Writers own time–temporarily. People own time temporarily and if you don’t believe in an after life then it makes perfect sense to speed on the highway and flip out after getting behind an old lady at the grocery store who only fishes for her checkbook at the very last minute.
My parents made lists to segment their time. My mother wrote in her perfect, artful script fantastically long and detailed lists. My father sat at the kitchen table talking his lists out, “First I have to finish breakfast, then I’ll read the paper, and then I have to go do the lawn and then a nap and maybe I’ll go to Dunkin’ Donuts to bring Kenny some coffee later (his brother who worked nights cleaning the school).
We were ALWAYS given new watches for Christmas–I even got a silver finger watch with a blue face one year but it got in the way of my quest for my mother’s perfect penmanship while making my own lists. No matter how many clocks went off each hour in our house–the Birds of North America clock, the cuckoo clock from my father’s stay in Germany during the Cold War, the mantle clock with the sad chime that reminded my mother of her grandfather and the annoying clock radio set between stations all going off at about but not exactly the same moment– time slipped by anyway –the very time we were accounting for.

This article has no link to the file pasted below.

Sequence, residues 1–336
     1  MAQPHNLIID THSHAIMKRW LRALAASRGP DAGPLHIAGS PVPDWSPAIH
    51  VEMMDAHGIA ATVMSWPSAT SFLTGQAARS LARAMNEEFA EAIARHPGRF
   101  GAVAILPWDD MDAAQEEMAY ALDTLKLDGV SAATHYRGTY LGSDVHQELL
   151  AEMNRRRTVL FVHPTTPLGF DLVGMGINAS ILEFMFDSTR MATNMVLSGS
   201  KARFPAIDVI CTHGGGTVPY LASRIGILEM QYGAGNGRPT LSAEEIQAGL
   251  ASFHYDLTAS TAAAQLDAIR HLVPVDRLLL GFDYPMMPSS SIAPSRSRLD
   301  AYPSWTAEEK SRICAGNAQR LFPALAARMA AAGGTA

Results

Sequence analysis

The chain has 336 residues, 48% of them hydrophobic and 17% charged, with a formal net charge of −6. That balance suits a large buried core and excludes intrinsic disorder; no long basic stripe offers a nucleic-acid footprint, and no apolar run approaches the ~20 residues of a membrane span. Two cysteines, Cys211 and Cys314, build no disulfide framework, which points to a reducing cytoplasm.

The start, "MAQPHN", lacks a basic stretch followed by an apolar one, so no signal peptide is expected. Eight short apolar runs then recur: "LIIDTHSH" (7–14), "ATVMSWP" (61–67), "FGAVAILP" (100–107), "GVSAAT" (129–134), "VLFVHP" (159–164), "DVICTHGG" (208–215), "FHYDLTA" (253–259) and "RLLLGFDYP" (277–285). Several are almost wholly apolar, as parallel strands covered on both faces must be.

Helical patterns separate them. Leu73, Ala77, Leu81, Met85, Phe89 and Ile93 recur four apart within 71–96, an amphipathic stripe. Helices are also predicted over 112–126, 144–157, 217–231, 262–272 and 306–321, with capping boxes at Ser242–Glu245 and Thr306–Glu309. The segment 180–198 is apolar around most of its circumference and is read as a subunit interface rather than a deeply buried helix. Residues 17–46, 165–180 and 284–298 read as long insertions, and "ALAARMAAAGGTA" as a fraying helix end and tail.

The thousands of old photographs framed on the dining room wall were mourning triggers. The clocks and watches were constant reminders that these happy times at the table vying for who might get the last piece of fried chicken would be over one day and even today would be gone in only a few hours. My father watched the clock for the last ten years of his life waiting for the game to be over–the game of knowing the hours, but not knowing the time when there would be no more time.
And so it is with my writing. Graham Crenshaw gives watches to his children–in place of spending time with them. He gives Buck the special watch that belonged to his brother who died of dysentery during the war–the saintly brother who nursed the other men until there was no one left to nurse him in a crappy field hospital run by a disreputable doctor. Graham stays busy with projects and studies and doctoring–hoping to stop time. Stop the onslaught of death. To be a doctor and to hate death, to give timepieces that always come back to haunt him–this is Graham’s quiet torture. To take part in his children’s life means he’d have to mourn their passing from childhood into messy adulthood and maybe death, certainly death at some point.
As a writer I control death. I control time, that is, until my time comes.